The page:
PETALING JAYA: Prime Minister Najib Tun Razak has apparently been warned of an alleged threat of gangsterism among the Indian community which would, if left unchecked, indirectly cause the Barisan Nasional government to lose votes in the next general election.

An anonymous letter purportedly written by a “concerned Umno member” and sent to Najib on April 20, urged the Umno president to treat the matter seriously or risk another “political tsunami” akin to 2008, which the Hindraf movement had contributed to.

In the letter, seen by FMT, the “Umno member from Selayang Baru” implicated the MIC and the police for being complicit in allowing “Gang 36″ to gain more influence and power.

The author claimed that on Dec 3, 2011, MIC organised a Deepavali event at The Mines, Sri Kembangan, where about 7,000 Indian youths who attended were made up of “almost 99%” of Gang 36 members.

Several prominent politicians from BN officiated at the event, with the author naming three of them in the letter. They included two members of parliaments and a minister.

Repeated attempts to contact the three national leaders for comments were unsuccessful.

“Close to 99% of the Indian youths who attended were from Gang 36. The behaviour, character and clothing of these youths were very embarrassing. Their actions not only taint the image of MIC but also BN,” wrote the “Umno member”.

The writer claimed that a number of these youths even wore the “Geng 36″ T-shirts and waved the “Gang 36″ flag openly. They were also displaying the Sanskrit Aum symbol(picture below) which is said to be used as the gang’s logo.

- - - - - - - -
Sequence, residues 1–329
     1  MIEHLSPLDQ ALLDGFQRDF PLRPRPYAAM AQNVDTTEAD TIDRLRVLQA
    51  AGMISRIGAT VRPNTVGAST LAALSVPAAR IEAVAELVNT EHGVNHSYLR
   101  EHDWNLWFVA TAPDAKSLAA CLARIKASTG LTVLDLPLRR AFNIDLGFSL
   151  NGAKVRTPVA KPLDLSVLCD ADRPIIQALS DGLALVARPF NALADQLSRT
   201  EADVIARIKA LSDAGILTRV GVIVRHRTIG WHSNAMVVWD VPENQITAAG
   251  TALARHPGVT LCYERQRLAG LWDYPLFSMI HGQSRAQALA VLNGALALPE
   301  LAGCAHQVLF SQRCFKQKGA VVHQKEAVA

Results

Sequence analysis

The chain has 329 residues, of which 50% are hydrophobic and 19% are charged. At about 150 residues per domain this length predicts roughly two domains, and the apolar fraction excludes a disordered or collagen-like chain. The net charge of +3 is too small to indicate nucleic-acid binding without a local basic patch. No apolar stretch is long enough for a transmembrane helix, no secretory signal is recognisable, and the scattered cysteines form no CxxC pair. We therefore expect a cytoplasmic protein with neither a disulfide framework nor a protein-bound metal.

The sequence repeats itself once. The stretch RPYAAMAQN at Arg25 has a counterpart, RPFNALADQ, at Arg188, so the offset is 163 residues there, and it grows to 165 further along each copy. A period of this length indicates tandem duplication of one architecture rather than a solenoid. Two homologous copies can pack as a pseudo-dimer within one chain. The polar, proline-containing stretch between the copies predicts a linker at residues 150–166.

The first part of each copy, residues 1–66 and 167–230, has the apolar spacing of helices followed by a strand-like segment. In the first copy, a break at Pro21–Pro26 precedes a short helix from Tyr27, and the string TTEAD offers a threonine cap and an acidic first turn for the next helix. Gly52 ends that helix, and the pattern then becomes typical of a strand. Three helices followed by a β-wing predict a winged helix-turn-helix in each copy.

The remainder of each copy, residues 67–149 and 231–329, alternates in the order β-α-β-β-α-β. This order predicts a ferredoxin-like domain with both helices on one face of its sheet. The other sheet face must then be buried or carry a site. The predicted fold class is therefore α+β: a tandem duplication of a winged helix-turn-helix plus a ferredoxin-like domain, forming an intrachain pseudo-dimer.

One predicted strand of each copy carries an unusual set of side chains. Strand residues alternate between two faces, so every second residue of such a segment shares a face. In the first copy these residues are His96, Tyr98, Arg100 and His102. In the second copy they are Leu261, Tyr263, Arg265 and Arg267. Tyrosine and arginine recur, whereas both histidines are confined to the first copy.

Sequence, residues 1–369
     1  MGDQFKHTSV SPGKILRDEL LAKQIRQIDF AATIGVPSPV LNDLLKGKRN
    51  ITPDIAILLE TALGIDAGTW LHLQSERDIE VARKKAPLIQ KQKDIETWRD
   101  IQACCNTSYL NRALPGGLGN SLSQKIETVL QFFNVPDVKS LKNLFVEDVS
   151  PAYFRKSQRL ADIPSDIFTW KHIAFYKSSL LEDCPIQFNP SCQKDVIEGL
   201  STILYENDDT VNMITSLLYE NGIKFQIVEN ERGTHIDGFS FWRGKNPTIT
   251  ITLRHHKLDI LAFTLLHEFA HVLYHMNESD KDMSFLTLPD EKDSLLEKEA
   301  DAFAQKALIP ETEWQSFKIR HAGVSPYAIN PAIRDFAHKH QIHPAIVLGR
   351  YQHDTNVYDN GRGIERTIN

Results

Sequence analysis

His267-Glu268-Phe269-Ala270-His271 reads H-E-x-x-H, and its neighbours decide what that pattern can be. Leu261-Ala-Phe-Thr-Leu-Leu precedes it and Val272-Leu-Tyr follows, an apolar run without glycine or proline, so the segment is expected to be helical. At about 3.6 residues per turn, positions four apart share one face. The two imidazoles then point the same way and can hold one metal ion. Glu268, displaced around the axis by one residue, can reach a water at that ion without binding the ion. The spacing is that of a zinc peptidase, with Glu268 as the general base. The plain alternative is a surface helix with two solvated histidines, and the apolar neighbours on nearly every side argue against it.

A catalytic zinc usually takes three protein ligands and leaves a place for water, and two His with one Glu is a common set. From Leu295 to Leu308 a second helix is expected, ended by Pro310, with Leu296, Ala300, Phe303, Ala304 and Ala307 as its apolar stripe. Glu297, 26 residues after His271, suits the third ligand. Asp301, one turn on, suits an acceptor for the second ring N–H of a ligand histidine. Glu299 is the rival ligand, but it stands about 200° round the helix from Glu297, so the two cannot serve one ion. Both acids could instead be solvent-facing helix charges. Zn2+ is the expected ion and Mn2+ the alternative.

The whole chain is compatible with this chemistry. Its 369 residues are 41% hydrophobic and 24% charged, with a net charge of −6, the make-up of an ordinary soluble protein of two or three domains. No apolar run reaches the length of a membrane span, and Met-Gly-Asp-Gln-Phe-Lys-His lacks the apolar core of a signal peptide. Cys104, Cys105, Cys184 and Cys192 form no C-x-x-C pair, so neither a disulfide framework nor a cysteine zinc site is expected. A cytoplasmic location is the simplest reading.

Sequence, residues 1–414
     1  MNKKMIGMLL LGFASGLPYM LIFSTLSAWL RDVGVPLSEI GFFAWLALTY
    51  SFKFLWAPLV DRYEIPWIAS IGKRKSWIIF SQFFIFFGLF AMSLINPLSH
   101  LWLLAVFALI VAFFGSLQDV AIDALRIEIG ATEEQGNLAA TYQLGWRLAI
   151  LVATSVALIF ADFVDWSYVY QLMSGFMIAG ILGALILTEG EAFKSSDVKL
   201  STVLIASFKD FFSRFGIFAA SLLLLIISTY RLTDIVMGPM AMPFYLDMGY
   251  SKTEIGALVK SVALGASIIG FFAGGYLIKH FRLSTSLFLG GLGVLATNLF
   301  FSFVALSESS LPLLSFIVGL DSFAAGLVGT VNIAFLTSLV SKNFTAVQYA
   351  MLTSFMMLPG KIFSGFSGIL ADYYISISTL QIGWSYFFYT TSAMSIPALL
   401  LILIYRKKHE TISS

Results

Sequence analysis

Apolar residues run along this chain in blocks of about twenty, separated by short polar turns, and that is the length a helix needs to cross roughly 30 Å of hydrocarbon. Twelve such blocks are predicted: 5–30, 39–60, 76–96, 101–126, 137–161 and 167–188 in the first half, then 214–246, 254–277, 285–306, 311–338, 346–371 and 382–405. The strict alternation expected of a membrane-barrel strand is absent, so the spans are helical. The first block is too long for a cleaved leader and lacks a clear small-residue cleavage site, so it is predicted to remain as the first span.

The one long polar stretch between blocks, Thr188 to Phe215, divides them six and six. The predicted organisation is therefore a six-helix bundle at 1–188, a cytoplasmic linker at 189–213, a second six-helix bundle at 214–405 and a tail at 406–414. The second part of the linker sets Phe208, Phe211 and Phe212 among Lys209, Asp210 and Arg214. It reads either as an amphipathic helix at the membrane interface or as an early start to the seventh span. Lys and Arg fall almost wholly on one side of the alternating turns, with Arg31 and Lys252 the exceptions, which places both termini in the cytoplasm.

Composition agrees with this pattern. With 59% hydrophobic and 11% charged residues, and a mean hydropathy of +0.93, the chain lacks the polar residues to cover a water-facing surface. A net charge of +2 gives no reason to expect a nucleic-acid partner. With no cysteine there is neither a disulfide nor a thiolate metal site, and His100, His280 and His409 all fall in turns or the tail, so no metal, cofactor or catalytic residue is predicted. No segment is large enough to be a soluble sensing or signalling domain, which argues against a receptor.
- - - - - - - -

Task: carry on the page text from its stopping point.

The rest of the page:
“That event gave a bad impression, especially the Indian community towards BN party. The event also clearly shows an attempt by Gang 36 to fortify its positions through politics.”

The writer also said the event has become the talk of the town among the Indian community, and defeated MIC’s attempt to portray a new image after their alleged “failure” under former MIC president S Samy Vellu.

The writer said that it was his opinion that the leader of the gang, who he claimed is involved in drug trafficking and other crimes, is trying to use politics to clear the gang’s criminal records and reign supreme in the country.

‘Conspiracy brewing’

“The attempt of Gang 36 to enter politics to fortify its position should be stopped so that the opposition does not use this issue to deny [BN] the votes of the Indians.

“Yang Amat Berhormat [prime minister], don’t treat this issue as merely an Indian one. Hindraf, which was considered a small matter, created such a big impact in 2008 and four states fell to the opposition’s hands.

“A conspiracy is brewing to accuse the government, particularly Umno, of ethnic cleansing of the Indian community by taking a lax attitude towards gangsterism in Malaysia. The police all over the country have been bribed in the millions by Gang 36.”

The letter claimed that the police – from police beats all the way to Bukit Aman – have given the gangsters the “green light” to carry out their drug trafficking activities by taking these bribes.

He alleged that the worse district was the Gombak police headquarters. “A lot of proof can be found if the Gombak police chief is investigated,” said the the writer.

No comment was forthcoming from Bukit Aman. However, Gombak district police chief Abdul Rahim Abdullah told FMT that these allegations were “nonsense”.

“I’m not going to comment at length since I’ve personally been implicated here. My CPO [Selangor police chief] or IGP [Inspector-General of Police] perhaps should comment and tell us if they would form a special investigation against my district. I am open to that.”